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  1. #1
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    Why does cycling kill muscle?

    Everyone keeps saying that cycling eats away at fat and muscle mass, but im wondering why? Shouldnt the use of your arms and legs produce more muscle? adn even if you dont use much upper body during rides, wouldnt it just not affect muscle?

    Just wondering...

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    Toyota Racing Dev. PWRDbyTRD's Avatar
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    the way your muscles grow strong is you damage them and they repair...that's about as simple as it gets....getting stronger each time.
    Linkage...My 2004 Kona Hoss Dee-Lux My Mindless Banter
    Disclaimer: I'm 425lb...I put unnormal loads on my bike. This should help you in answering any of my questions.

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    H23
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    Quote Originally Posted by kingkelly
    Everyone keeps saying that cycling eats away at fat and muscle mass, but im wondering why? Shouldnt the use of your arms and legs produce more muscle? adn even if you dont use much upper body during rides, wouldnt it just not affect muscle?

    Just wondering...

    A sedentary person will certainly loose fat as a result of starting a rigorous cycling program. They may think they are loosing muscle too, but unless they are starving themselves, I don't see how that can happen. This can be checked by measuring strength.

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    but most cyclists have tiny arms, and i thought it was because cycling eats away any muscle mass... Somebody here said that theres almost no point in trying to lift weights and cycle, since its almost a waste?

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    don't be so angry clancy98's Avatar
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    no, I think they peobably meant that the strength in the arms is useless for cycling (which is debatable)..

    but also, muscle eats fat. get more to get less, right?
    Irregardless is not a word, and you do not sound more intelligent using it.

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    Senior Member joeprim's Avatar
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    Quote Originally Posted by kingkelly
    but most cyclists have tiny arms, and i thought it was because cycling eats away any muscle mass... Somebody here said that theres almost no point in trying to lift weights and cycle, since its almost a waste?
    I lift and ride. Both feel good so I do both.


    Joe

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    Hmmm, so if i jsut do like 50k rides, maybe once a week, it wont deplete muscle mass in arms?

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    Toyota Racing Dev. PWRDbyTRD's Avatar
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    LoL...not in your arms...
    Linkage...My 2004 Kona Hoss Dee-Lux My Mindless Banter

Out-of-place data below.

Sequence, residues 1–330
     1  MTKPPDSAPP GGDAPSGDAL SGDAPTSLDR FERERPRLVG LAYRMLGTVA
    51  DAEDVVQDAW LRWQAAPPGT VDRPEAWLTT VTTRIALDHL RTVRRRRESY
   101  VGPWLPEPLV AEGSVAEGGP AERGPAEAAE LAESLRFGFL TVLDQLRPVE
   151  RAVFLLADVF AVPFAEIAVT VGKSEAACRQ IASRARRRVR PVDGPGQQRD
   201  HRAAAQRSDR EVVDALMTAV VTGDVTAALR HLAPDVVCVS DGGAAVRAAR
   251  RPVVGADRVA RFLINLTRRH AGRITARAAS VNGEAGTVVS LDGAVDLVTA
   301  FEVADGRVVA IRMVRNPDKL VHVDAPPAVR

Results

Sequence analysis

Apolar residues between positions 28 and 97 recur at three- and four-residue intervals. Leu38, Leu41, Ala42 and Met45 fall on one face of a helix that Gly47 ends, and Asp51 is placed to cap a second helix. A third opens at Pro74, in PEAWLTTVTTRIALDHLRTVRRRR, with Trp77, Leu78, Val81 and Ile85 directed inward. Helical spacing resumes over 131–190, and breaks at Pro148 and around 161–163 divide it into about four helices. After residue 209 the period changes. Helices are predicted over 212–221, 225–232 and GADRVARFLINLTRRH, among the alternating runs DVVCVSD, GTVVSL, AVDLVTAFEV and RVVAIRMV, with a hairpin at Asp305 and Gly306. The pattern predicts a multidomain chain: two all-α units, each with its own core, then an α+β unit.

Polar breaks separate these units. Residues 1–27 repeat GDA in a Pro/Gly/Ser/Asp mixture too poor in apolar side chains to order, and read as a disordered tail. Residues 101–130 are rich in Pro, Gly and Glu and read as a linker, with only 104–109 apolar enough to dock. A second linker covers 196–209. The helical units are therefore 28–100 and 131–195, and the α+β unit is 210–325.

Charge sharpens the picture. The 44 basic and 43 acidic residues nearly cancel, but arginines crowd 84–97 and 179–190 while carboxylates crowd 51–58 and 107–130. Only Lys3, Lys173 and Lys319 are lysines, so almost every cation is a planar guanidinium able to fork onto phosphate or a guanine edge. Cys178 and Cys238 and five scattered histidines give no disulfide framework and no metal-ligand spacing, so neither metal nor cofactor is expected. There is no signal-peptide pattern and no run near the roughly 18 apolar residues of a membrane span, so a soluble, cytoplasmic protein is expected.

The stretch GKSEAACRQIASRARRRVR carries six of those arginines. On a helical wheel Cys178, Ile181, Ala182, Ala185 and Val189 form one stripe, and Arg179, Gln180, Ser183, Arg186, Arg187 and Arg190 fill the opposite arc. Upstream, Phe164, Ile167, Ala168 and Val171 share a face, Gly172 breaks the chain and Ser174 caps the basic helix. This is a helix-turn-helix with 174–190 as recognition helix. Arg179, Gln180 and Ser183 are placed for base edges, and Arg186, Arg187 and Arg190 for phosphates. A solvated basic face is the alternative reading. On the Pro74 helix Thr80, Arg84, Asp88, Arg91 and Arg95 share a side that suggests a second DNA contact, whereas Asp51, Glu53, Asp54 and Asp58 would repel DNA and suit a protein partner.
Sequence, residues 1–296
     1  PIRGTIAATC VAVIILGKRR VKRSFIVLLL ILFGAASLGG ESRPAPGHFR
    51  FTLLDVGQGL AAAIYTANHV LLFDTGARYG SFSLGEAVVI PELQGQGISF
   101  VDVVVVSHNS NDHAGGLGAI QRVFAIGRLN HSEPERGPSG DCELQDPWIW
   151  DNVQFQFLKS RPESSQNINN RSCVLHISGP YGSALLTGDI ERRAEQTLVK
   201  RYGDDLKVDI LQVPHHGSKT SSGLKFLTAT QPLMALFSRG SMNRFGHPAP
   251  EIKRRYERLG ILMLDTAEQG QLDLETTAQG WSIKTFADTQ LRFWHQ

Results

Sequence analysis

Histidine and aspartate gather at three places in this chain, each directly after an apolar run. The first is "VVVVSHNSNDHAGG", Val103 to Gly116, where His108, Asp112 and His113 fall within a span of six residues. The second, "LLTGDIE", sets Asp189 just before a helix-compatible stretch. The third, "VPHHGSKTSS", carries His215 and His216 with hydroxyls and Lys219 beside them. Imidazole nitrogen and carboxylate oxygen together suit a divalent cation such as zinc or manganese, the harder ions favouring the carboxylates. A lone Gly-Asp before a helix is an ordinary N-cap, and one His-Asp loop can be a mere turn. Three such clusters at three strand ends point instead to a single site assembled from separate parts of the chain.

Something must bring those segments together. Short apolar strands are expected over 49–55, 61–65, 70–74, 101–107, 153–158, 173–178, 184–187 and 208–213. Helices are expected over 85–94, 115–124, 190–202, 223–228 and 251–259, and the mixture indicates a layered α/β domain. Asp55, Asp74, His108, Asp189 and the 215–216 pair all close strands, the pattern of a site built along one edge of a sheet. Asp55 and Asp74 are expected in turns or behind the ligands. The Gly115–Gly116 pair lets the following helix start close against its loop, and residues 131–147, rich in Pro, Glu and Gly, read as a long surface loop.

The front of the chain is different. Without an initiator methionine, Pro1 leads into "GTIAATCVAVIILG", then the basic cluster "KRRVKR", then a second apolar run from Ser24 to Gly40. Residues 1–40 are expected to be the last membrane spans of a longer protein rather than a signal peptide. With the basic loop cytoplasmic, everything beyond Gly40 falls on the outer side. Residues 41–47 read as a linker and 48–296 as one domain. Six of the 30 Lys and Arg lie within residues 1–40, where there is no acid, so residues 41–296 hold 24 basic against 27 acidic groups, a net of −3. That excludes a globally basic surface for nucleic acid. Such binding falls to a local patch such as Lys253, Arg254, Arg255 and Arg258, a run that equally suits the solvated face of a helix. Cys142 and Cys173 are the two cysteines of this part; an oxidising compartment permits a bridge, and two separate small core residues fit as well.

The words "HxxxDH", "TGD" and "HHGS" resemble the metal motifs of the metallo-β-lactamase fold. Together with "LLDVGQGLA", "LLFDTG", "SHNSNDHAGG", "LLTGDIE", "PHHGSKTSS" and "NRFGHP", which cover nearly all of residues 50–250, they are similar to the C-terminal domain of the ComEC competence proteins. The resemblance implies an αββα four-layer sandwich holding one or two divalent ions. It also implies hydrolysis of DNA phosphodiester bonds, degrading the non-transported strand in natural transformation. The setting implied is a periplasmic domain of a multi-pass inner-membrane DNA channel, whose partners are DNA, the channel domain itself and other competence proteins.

Disclaimer: I'm 425lb...I put unnormal loads on my bike. This should help you in answering any of my questions.

  9. #9
    HJR
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    Not an expert, but an athlete for many years. Endurance events reduce muscle mass because the body can use muscle for energy when it runs out of other fuels. Muscle growth requires more physical exertion for a shorter interval. Two examples. Long distance runners versus sprinters. Two "running" events, two distinct body styles. Sprinters look stocky in comparison. This is also the reason "cheating" sprinters use steriods, while endurance events use doping and EPO. The other example, bicycle sprinters versus TDF riders. This is why interval training is important. You want more muscle while riding? Climb steeper hills, riding for shorter times. Climbing uses you arms as well as your legs. It is the difference in weight lifting between reps and weight.

  10. #10
    bikin'barbie
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    Quote Originally Posted by joeprim
    I lift and ride. Both feel good so I do both.


    Joe
    I'm with you!!!

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    blp
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    mabey after a while it makes you lose muscle mass but I just started mountain biking about 4 1/2 months ago and I have gotten 100% stronger, proved to myself by getting up stuff that I couldnt get up when I started (by the way feels great!) so wouldnt this mean I am gaining muscle mass? When I started I just got over a severe asthma period of about 2 years where I couldnt do anything but watch TV and play video games so I was basically a walking peice of fat.

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    Dehydration will break down muscle, prolonged exercise will break down muscle, calorie deficit will break down muscle (especially when there is no fat to lose, energy has to come from somewhere). Combine these with little to no upper building lifting and you are bound to have small arms.